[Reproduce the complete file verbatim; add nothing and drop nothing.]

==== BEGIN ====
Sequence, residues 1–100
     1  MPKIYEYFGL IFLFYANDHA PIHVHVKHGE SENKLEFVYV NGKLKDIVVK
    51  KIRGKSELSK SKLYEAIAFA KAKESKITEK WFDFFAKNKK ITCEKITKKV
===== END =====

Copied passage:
Sequence, residues 1–100
     1  MPKIYEYFGL IFLFYANDHA PIHVHVKHGE SENKLEFVYV NGKLKDIVVK
    51  KIRGKSELSK SKLYEAIAFA KAKESKITEK WFDFFAKNKK ITCEKITKKV